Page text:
How do I get over my anxiety about taking NCLEX without preparing

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I graduated from a BSN program in December and I was expecting my application for licensure to take until at least March to process. I was surprised when I already got my ATT... I didn't study for this. I had to move to a new place and start a new job and I didn't have time to prepare. I don't want to put the exam off either. I just want to get it done and over with. I want to schedule my exam for as early as next week. I work full time and don't think I can cram before that time. I want to take my chances and experience the real NCLEX. I hate taking exams because it's hard for me to concentrate or stay focused. Is there a good brief review I can do to at least improve my confidence before the exam? 

tnbutterfly - Mary, BSN, RN

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Specializes in Peds, Med-Surg, Disaster Nsg, Parish Nsg.

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Has 5 years experience.

If you only have a little time, I would personally recommend you to focus on reviewing these 10 important categories:

 

(1) everything related to diabetes (how to recognize and treat hyper/hypoglycemia, DKA, and HHS, also how to prepare insulin NPH and regular),

 

(2) child safety (what are the biggest risks for each child by age group and how to protect them from it... such as bike helmets, seatbelts, locked medicine cabinets, gates for stairs, gates for pools, etc),

 

(3) serotonin syndrome, how to recognize and treat it, what causes it (of all the psych topics, this is the major one to know because it's dangerous)

 

(4) how to perform correct CPR (how many minutes, how many breaths, how many inches depth, etc), and how to manage seizures (turn pt to side, count how long it lasts, have suction equipment on hand of necessary, etc)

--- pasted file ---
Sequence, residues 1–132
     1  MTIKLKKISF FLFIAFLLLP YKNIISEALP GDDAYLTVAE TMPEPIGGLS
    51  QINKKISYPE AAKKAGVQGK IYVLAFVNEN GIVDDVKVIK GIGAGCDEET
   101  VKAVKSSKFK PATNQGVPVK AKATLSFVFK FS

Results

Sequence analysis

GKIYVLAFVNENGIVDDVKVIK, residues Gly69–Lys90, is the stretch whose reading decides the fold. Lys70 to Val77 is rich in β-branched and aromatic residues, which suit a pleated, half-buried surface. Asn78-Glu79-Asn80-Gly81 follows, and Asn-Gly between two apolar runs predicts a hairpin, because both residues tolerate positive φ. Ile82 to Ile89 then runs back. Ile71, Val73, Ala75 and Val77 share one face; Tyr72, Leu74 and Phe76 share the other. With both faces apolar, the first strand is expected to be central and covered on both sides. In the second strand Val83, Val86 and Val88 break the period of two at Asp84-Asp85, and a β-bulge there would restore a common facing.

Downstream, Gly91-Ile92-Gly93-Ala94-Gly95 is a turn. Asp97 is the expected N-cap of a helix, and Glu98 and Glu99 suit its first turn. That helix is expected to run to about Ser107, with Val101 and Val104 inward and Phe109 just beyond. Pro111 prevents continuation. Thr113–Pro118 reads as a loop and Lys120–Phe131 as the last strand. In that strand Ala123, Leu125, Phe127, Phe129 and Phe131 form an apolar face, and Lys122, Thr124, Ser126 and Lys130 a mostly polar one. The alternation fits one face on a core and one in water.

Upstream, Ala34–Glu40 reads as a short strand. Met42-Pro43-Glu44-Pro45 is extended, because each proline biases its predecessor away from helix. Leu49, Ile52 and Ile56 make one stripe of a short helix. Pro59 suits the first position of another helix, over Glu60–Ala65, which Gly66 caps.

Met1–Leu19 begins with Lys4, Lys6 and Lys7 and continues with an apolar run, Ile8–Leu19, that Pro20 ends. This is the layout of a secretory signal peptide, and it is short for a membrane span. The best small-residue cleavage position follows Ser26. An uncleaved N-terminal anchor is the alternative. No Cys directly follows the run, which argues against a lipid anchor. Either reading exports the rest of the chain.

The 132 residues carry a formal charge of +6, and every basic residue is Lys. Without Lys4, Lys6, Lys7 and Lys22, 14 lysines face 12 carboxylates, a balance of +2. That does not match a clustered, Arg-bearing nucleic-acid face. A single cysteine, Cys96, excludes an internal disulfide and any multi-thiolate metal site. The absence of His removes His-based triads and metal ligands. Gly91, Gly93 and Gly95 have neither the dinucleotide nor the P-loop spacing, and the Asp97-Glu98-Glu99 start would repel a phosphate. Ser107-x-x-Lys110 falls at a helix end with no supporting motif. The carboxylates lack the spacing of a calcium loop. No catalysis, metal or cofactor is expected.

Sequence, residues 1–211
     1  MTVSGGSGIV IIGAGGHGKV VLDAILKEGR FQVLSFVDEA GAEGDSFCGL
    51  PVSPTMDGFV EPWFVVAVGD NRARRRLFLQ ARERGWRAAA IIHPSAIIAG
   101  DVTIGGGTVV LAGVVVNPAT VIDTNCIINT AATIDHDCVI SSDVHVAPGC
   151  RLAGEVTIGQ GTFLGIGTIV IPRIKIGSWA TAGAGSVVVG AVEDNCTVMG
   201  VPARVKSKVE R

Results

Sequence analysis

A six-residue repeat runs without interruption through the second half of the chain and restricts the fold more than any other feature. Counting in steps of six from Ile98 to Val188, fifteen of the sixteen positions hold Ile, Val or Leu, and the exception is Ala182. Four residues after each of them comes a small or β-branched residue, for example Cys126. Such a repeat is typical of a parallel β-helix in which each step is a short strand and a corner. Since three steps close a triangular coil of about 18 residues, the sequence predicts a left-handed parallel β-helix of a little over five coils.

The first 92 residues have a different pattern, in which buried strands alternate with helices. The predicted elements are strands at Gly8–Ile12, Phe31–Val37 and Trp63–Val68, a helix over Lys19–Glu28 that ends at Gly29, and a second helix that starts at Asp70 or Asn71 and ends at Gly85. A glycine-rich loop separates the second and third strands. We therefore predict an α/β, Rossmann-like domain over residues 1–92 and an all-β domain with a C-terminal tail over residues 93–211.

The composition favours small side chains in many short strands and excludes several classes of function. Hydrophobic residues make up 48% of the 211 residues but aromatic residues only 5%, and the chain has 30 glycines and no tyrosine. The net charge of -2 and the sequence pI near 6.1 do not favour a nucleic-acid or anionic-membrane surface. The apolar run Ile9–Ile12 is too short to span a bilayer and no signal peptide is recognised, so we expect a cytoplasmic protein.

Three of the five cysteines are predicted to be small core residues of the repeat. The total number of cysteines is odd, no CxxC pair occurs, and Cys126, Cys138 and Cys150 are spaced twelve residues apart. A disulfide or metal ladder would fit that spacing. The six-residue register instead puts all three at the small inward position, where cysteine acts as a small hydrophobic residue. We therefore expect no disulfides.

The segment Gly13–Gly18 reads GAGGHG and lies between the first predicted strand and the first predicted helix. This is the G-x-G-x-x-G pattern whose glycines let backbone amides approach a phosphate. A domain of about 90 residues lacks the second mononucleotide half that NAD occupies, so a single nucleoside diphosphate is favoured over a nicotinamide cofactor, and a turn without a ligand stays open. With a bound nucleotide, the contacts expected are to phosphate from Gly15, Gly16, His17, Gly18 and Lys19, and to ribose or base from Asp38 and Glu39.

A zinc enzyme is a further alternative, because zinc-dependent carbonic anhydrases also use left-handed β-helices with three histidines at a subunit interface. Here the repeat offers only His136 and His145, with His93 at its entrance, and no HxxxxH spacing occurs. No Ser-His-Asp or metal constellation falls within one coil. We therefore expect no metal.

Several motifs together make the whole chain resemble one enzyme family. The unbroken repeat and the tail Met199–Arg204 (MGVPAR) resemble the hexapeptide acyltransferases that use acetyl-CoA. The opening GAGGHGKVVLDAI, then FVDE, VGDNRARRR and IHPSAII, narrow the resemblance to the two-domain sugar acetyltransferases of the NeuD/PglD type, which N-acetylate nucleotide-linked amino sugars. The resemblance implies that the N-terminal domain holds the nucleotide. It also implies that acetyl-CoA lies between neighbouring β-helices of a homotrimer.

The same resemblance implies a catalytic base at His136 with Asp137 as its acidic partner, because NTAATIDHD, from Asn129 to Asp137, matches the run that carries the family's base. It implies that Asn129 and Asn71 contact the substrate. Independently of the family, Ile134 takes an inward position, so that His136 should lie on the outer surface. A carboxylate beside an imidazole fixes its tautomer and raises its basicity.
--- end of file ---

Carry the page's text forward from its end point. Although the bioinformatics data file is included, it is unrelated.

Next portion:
(5) heart burn and GI ulcers (complications like internal bleeding, common meds that exacerbate it, and common meds to treat or prevent it)

 

(6) delegation, NCLEX definitely wants to check that you understand what are the roles of an RN vs an LVN vs a PCT

 

(7) how to communicate with providers... know your SBAR and review examples of what is a good vs a bad SBAR

 

(8) NG tubes, know the steps for insertion and removal, when and why to request an xray to check for placement, and when and why you would check for residual stomach content

 

(9) DVTs and PEs! How to recognize signs of DVT and PE and what to do

 

(10) the difference between airborne, droplet, and contact precautions and the common ones to know (like c diff, varicella, TB, e coli...). Don't worry about vaccines, you really only need to know about the influenzae vaccine if you have to choose one. I would lump in some oncology precautions here, like when should a nurse wear a lead apron, when should a patient flush twice after urinating